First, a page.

Jul 31, 2013 7:00 PM by Andrew Masuda

SB native Ghazaleh Sailors in a league of her own

The Central Coast gets a chance to see a true legend in the making. Ghazaleh Sailors, better known as Ozzie, is a female pitcher on the San Francisco Seals, who wrap up a series against the North County Indians in Templeton on Wednesday night.

"I never played softball. I never really wanted to. Baseball was so much fun and I fell in love with it. And this is America and you can do whatever you want. So why not be able to play the game that you love," said Sailors.

At just 5 feet, 4 inches and 130 pounds, Sailors' teammates often tower over her. She just finished her sophomore year as a pitcher for the University of Maine Presque Isle baseball team, a Division III program. She pitched in 10 games and started 3 of them. She went 1-1 with a 7.78 ERA in 19 2/3 innings. She allowed 36 hits, 8 walks and struck out 4.

Sailors is believed to be the first female college athlete to pitch a scoreless inning against a Division I opponent. She also became the first woman to earn a baseball win in the history of the United States Collegiate Athletic Association.

The Santa Barbara native and San Marcos High graduate feels she has a mental advantage when she pitches against male hitters.

"Usually the other team gets really excited and they're just going to try to swing first pitch. So I get a lot of first pitch outs and stuff. And just staying within myself. Like I know I'm not going to overpower anybody so I'm not going to try to and end up making stupid mistakes, " said Sailors.

Ozzie threw 2 innings and gave up 4 hits and 1 unearned run in the Seals' 11-4 loss to the Indians on Tuesday. She also flew out to shallow right field in her only at-bat.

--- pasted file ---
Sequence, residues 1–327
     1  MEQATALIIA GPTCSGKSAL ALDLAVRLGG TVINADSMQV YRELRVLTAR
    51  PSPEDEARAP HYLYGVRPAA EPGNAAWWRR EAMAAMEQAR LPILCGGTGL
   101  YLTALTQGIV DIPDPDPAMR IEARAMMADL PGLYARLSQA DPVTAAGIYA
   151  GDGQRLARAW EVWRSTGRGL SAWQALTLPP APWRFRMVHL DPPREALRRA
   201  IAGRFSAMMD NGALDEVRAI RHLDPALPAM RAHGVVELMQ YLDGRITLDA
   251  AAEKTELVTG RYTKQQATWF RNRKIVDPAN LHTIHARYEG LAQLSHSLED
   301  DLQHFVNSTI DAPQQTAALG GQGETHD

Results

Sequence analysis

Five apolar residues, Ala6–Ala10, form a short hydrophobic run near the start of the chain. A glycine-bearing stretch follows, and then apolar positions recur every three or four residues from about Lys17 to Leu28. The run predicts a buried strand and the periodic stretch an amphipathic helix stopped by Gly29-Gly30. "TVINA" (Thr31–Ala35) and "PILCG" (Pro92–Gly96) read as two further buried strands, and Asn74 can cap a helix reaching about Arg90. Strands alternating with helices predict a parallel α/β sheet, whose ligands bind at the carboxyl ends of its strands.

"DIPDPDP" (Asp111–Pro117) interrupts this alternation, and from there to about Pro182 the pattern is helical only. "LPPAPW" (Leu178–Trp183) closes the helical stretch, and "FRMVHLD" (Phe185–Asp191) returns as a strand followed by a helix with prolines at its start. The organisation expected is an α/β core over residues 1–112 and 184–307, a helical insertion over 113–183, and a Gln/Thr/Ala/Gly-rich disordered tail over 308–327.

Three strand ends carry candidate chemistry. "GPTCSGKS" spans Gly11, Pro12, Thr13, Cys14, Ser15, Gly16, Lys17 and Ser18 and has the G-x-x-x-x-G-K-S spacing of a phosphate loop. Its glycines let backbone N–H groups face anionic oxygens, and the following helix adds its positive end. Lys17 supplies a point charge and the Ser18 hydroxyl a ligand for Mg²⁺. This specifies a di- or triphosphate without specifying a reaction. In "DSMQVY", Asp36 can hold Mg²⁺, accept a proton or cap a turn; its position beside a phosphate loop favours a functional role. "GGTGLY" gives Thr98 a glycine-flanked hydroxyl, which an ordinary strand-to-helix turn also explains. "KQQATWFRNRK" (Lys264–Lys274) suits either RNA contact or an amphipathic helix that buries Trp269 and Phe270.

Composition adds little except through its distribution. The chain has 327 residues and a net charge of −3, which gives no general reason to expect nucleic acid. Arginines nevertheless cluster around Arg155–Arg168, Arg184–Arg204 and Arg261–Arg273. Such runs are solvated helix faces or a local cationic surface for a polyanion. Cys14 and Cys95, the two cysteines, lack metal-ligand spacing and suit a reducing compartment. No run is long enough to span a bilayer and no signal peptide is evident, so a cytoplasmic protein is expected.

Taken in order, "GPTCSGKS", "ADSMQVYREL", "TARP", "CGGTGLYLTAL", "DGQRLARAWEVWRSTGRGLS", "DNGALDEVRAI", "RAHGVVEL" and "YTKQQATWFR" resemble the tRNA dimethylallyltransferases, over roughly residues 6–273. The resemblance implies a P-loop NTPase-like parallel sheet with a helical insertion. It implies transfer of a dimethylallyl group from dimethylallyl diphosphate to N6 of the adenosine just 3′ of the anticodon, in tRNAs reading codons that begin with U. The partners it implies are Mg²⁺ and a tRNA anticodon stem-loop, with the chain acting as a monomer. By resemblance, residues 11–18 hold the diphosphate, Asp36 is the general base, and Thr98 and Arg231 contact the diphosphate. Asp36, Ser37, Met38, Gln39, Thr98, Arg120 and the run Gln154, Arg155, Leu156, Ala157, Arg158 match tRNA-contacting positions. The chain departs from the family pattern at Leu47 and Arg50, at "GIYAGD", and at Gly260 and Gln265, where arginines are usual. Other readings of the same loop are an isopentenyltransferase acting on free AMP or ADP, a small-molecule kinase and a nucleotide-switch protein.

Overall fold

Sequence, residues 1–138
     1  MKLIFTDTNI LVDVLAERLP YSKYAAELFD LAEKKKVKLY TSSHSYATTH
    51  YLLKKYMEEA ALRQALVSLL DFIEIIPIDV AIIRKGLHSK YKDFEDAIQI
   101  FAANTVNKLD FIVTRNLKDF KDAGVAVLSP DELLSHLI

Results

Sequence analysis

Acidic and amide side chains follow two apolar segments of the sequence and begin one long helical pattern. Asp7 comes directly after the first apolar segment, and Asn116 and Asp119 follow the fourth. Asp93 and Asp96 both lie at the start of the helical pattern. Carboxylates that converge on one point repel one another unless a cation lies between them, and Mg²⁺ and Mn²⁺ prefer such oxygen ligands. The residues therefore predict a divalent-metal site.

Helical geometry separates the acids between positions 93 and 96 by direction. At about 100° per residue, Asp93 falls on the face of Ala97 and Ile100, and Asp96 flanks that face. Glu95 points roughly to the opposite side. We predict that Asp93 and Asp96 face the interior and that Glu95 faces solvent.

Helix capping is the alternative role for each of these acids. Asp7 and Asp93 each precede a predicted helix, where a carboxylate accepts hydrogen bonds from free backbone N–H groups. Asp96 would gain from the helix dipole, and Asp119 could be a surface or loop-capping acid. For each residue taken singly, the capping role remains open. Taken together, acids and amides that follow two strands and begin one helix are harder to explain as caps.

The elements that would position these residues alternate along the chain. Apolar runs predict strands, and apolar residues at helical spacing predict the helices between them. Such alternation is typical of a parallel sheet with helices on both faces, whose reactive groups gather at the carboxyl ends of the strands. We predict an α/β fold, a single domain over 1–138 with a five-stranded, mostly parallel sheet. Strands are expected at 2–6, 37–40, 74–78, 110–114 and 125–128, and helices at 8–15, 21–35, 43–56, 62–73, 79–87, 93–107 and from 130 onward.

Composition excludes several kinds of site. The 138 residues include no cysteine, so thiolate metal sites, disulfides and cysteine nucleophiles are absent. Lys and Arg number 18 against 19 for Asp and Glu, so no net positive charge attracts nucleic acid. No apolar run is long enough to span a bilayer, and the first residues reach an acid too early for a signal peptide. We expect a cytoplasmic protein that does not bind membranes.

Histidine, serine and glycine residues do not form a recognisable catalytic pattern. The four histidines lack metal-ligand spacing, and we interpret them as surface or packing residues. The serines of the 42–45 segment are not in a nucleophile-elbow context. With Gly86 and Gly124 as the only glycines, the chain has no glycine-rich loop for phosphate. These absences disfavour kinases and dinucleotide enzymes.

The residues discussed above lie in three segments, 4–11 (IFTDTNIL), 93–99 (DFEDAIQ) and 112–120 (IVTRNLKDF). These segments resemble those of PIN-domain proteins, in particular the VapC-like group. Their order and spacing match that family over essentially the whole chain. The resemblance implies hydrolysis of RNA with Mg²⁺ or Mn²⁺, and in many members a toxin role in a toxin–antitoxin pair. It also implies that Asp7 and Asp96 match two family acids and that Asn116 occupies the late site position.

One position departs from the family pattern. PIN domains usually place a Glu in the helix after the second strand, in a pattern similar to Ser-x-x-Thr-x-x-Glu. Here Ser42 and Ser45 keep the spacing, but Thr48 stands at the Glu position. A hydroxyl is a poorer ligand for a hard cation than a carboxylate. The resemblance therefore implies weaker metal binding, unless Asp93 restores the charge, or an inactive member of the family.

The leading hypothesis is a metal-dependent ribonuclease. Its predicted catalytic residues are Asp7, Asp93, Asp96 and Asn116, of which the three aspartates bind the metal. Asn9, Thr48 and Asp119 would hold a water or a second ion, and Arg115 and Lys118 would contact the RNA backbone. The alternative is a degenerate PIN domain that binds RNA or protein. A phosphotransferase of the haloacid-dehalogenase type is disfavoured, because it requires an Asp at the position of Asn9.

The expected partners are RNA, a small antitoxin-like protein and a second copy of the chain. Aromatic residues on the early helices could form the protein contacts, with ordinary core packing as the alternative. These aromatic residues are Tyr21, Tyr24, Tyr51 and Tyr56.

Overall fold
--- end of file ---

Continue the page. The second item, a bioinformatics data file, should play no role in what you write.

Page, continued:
Sailors, who turned down a Division I softball scholarship offer to play baseball, admits it's been a bumpy road during her career.But she's persevered to honor those before her and to inspire those who may follow in her footsteps.

"There's a lot of girls before me who did probably better than I did and didn't get a fair chance. So I'm kind of blazing their paths. But at the same time I want to play this game because I love this game and you should be able to do what you love if you work hard enough for it," said Sailors, who helped the USA Women's Baseball Team win a gold medal in Venezuela in 2010.

Ghazaleh says she started playing baseball at the age of two when her 5-year old brother's t-ball team needed an extra player.

To help keep her in shape during the school year at UMPI, Sailors joined the cross country team last fall and was part of the nordic skiing team in the winter. During the university's Athletic Awards Banquet back in May, Sailors received the "Al Arman Award" for the student-athlete on campus that "truly has made a difference within athletics and/or the campus community."

The Indians close out their season against the SF Seals at 7pm on Wednesday at the Vineyard Athletic Park. First pitch is at 7:05 pm.



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